Written by NASS Executive Committee
The Executive Committee of the North American Spine Society (NASS) read the October 28, 2013 Washington Post story on spinal fusion with great interest and concern.
The issue of unnecessary surgery is of paramount interest to NASS, from many perspectives, including humanitarian, ethical, scientific and economic. Recognizing that the issue of unnecessary or poorly or marginally-indicated surgery is, indeed, a serious issue, it is nonetheless inappropriate to roundly condemn the concept of fusion, per se.
Fusion of the spine is an invaluable tool in the surgeon’s armamentarium to alleviate intractable pain and return patients to healthy, productive lives. As in ALL surgical procedures, the key is the surgical indication for the individual patient. Overuse or underuse are both bad medicine and do the patient a disservice. There is universal support for spinal fusion in cases of instability, fracture, tumor, infection and deformity. Simpler and safer treatments, if available, should always be pursued first. And, before proceeding with surgery, the potential risks and chances of success must be completely understood.
Pain in the lower back is the #1 cause of disability in the United States and worldwide. Neck pain is #4! Together they cause more than 5 million years of disability in the US alone—enough for every person to be disabled by a spine condition for more than six days each year. Patients are demanding access to effective, thoughtful therapies that allow them to remain active and maintain their quality of life.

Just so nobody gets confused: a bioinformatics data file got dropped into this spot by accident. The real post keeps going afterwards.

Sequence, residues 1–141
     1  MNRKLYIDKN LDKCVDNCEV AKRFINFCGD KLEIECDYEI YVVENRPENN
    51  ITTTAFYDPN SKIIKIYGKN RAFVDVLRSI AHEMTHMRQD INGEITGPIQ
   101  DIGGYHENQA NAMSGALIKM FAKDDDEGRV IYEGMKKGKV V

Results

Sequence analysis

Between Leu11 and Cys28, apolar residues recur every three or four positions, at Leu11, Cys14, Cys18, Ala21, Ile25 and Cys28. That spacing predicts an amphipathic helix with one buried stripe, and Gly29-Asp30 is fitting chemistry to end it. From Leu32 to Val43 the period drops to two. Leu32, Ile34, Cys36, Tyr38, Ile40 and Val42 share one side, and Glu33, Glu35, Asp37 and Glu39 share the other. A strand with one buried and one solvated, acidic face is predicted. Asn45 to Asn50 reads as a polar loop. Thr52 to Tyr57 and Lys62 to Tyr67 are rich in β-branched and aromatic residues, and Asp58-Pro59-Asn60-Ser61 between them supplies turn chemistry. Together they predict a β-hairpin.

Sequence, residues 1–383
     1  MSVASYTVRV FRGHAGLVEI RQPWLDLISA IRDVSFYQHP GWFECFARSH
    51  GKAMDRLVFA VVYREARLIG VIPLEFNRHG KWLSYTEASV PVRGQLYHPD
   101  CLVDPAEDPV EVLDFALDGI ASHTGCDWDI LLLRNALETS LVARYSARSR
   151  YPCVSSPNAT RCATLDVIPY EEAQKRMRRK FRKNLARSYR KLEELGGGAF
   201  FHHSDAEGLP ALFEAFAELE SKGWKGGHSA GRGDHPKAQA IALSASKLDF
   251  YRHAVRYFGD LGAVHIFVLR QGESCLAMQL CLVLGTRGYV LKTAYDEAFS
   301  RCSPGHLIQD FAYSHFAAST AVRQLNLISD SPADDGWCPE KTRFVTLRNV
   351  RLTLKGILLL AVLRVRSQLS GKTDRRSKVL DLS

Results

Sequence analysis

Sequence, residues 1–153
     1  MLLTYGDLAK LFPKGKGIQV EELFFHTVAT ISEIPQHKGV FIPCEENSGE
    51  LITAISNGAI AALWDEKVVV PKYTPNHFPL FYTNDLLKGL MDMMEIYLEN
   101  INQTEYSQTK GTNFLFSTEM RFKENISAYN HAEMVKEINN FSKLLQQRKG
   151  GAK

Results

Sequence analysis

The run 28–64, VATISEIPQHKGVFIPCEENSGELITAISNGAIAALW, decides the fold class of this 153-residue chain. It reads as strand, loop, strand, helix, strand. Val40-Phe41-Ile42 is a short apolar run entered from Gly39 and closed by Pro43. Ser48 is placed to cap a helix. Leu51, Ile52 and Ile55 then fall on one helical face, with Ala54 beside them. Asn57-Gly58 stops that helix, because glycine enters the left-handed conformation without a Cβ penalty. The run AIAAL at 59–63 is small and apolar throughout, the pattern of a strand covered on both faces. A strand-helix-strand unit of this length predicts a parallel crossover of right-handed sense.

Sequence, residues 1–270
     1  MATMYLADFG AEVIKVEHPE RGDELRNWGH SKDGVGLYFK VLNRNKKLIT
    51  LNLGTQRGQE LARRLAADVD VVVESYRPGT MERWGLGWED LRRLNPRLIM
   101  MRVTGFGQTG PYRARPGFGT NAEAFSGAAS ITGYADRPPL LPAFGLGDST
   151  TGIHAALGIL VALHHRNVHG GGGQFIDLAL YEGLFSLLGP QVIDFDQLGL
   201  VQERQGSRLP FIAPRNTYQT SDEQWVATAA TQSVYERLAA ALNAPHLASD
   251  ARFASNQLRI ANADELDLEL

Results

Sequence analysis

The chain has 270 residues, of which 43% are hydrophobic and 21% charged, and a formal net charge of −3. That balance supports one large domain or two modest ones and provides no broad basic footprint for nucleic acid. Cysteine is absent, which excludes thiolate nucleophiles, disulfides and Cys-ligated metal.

NASS is collaborating with Medicare and private insurance carriers to develop evidence-based guidelines for surgical intervention and to define conditions that are best treated without surgery. Spinal fusion is currently undergoing rigorous scrutiny; the indications for spinal fusion are being evaluated and re-evaluated constantly in an effort to develop the optimal indications to serve the best interests of the patient.
NASS is a multidisciplinary medical organization dedicated to fostering the highest quality, evidenced-based and ethical spine care by promoting education, research and advocacy. NASS is comprised of more than 8,000 members from several disciplines, including orthopedic surgery, neurosurgery, physiatry, neurology, radiology, anesthesiology, research and physical therapy.